In addition to the computational demands, there’s another critical aspect to consider: data egress costs. Every time a video is streamed, downloaded, or transferred to a content delivery network (CDN), your company incurs egress fees. This cost is typically based on the volume of data transferred and can vary depending on factors such as the destination of the data, the distance traveled, and the bandwidth consumed. These fees can quickly add up, especially when you’re dealing with large volumes of high-definition content streamed to a global audience. Managing these costs is essential for maintaining your company’s bottom line.

To address these challenges, you need a strategy that maximizes the efficiency of your transcoding infrastructure while keeping costs under control. To do this, you need to optimize your VM utilization and ensure that each VM is used to its full potential without being overloaded. This translates to transcoding more streams per VM. You also need to choose the right cloud provider. Different cloud providers offer varying pricing models and performance capabilities. Evaluating these options to find a provider that offers the best balance of cost and performance is crucial. You also need to implement strategies to reduce egress fees, such as caching frequently accessed content closer to end-users, using CDNs effectively, and considering alternative cloud storage solutions with lower egress costs. Lastly, you need to explore cost-effective compute instances, like Linode, which can offer predictable pricing and better cost-performance ratios compared to traditional cloud providers.

In essence, your role as an engineer is to ensure that your video transcoding infrastructure is robust, scalable, and cost-effective. This involves a constant balancing act of optimizing technical performance and managing financial constraints. By implementing a thoughtful strategy and leveraging the right tools and technologies, you can meet the demands of millions of users while safeguarding your company’s bottom line.

Cost Analysis for Video Transcoding

Let’s take a look at a detailed cost analysis comparing video transcoding using 64 GB dedicated Linode instances versus AWS EC2 VT1 vt1.6xlarge instances, considering both egress costs and total cost-to-performance ratio. 

Let’s assume a streaming provider needs to transcode 100 hours of video content per month. Each video file has an average size of 1 GB, and the provider wants to transcode to three different output formats to support various devices and resolutions. We’ll also assume it takes 2 hours to transcode 1 hour of video content on both providers and that they each need 50 instances.

Cost per dedicated CPU instanceTotal cost for 50 instances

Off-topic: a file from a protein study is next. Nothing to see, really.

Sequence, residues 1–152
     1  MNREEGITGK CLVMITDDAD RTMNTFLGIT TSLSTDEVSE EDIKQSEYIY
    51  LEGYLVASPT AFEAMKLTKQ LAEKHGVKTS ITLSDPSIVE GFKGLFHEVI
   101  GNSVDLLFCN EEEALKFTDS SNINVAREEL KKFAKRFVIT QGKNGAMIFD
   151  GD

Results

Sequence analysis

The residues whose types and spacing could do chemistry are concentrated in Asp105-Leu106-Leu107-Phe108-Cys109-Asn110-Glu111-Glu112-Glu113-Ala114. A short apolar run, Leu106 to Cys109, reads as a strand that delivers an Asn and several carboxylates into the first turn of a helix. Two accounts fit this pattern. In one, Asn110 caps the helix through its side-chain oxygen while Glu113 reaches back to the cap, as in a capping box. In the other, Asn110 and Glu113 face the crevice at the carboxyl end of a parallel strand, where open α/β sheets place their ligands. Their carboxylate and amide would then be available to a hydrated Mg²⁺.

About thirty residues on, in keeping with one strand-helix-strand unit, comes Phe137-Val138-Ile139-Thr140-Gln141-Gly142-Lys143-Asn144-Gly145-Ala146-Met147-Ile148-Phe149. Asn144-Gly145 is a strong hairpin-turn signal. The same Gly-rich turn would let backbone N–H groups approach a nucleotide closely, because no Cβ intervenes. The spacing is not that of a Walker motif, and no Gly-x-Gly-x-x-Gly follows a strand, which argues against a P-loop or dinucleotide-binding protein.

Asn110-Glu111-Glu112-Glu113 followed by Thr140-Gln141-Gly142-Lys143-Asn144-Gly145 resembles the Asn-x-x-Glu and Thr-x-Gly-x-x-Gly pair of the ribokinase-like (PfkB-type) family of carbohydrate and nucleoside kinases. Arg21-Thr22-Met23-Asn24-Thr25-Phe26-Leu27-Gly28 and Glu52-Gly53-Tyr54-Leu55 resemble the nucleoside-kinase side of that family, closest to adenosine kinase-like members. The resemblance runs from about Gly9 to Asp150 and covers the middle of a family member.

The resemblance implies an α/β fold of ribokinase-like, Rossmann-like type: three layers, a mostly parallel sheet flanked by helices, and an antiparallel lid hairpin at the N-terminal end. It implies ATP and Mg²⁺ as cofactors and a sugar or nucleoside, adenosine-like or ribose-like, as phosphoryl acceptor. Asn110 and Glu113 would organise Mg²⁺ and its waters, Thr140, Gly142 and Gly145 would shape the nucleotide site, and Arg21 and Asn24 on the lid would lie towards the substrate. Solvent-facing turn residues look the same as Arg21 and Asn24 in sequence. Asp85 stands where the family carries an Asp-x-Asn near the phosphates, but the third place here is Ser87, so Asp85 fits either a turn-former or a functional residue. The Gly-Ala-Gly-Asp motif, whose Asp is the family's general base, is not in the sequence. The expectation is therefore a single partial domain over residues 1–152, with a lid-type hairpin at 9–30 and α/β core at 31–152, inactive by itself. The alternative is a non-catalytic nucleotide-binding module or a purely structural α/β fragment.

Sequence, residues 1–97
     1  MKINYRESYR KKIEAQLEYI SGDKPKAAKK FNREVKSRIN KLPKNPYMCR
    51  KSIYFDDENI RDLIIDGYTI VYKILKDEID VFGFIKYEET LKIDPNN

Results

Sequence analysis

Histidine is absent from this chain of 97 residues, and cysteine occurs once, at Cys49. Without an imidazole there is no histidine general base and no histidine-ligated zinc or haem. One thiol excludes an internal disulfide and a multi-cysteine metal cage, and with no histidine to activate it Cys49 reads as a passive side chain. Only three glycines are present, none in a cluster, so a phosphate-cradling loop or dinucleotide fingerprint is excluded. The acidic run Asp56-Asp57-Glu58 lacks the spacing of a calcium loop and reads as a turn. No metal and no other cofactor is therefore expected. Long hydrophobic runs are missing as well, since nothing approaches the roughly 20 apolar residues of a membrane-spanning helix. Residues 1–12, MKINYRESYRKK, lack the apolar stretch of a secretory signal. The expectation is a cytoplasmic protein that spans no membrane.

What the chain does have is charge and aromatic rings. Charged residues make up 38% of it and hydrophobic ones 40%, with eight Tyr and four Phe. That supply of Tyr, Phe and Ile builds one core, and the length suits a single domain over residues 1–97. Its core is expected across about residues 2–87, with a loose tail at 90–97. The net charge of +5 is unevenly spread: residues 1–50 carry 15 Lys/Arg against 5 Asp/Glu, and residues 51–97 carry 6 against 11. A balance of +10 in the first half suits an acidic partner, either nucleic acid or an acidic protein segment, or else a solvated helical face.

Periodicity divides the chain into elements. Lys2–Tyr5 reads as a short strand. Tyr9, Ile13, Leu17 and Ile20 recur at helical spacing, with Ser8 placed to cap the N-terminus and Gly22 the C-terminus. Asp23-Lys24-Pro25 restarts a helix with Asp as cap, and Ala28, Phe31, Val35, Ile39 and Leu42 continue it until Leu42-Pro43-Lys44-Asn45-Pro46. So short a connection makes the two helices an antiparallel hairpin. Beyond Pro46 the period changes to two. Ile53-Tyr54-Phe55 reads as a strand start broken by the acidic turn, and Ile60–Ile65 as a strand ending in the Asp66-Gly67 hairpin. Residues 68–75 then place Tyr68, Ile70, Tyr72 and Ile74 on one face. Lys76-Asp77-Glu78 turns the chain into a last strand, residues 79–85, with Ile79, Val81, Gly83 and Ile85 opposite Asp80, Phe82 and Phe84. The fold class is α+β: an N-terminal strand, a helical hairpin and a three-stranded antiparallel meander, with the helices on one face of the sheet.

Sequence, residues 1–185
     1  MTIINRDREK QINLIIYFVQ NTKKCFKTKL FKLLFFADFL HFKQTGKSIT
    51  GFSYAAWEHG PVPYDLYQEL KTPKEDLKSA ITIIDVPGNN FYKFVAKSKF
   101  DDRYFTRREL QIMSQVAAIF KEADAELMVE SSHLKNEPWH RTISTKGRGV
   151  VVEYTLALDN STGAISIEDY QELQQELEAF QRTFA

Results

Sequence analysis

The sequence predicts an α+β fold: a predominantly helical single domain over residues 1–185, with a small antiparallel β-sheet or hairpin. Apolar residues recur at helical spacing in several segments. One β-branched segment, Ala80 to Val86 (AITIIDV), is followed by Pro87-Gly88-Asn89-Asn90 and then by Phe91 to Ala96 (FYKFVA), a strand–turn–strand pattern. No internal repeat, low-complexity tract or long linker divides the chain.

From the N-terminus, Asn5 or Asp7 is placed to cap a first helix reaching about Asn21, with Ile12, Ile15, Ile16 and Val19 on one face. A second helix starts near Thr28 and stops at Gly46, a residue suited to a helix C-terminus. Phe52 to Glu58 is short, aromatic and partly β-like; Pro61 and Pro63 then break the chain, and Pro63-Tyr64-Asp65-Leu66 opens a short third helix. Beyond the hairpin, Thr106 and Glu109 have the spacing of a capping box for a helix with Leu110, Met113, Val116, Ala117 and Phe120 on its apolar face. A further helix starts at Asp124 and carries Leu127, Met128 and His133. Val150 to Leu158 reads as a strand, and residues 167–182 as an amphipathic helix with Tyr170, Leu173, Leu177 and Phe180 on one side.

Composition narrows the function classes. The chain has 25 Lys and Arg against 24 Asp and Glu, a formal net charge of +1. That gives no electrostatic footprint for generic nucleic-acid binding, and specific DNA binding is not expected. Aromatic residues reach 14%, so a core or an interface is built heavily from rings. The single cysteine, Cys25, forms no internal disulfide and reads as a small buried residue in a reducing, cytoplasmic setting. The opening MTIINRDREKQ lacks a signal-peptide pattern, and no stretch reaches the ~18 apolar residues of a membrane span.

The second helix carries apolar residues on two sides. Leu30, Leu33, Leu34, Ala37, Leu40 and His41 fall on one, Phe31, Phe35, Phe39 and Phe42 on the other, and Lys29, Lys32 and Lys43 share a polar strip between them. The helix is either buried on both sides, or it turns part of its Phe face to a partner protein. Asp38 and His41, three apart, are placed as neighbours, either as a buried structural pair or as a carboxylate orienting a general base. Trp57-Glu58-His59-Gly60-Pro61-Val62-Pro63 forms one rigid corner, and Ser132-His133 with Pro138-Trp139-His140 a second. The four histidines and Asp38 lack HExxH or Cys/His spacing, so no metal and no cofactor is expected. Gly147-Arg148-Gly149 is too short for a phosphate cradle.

64 GB Dedicated Linode instance$0.864/hour50 instances * $0.864/hour * 200 hours = $8,640/month
AWS vt1.6xlarge instance$1.30/hour50 instances * $1.30/hour * 200 hours = $13,000/month
Note: You can find up to date pricing information for Linode here and for AWS here

This cost comparison illustrates the significant savings achieved by migrating to Linode Dedicated VMs. In this analysis, using Linode Dedicated Instances for video transcoding is 33% cheaper than using AWS VT1. In addition to lower instance costs, Akamai also offers a significant allocation of complimentary egress when clients opt for Akamai Compute instances, further reducing overall egress costs compared to AWS. Not only do you get to do your video transcoding for a lower cost,  but you get zero egress costs when transcoding with Akamai and distributing the content with our CDN. If a customer uses Akamai CDN for transferring transcoded videos to and from Points of Presence (PoPs), the associated costs are effectively eliminated. By utilizing our compute resources for transcoding, customers can enjoy minimal egress expenses, ensuring a cost-effective solution for their data transfer needs.

Solution: Migrating to Dedicated Linode Instances

Let’s take a look at how this OTT customer migrated from AWS EC2 VT1 instances to 64GB dedicated Linode instances. They used Linode Object Storage to upload the videos and then connected that to the Linode Kubernetes Engine which performed the video transcoding. When the transcoding was complete, the output videos were placed in an output bucket and then distributed with Akamai’s CDN. Let’s dive deeper into the steps below of how Linode’s 64GB dedicated VMs made this video transcoding process happen smoothly and cost-effectively.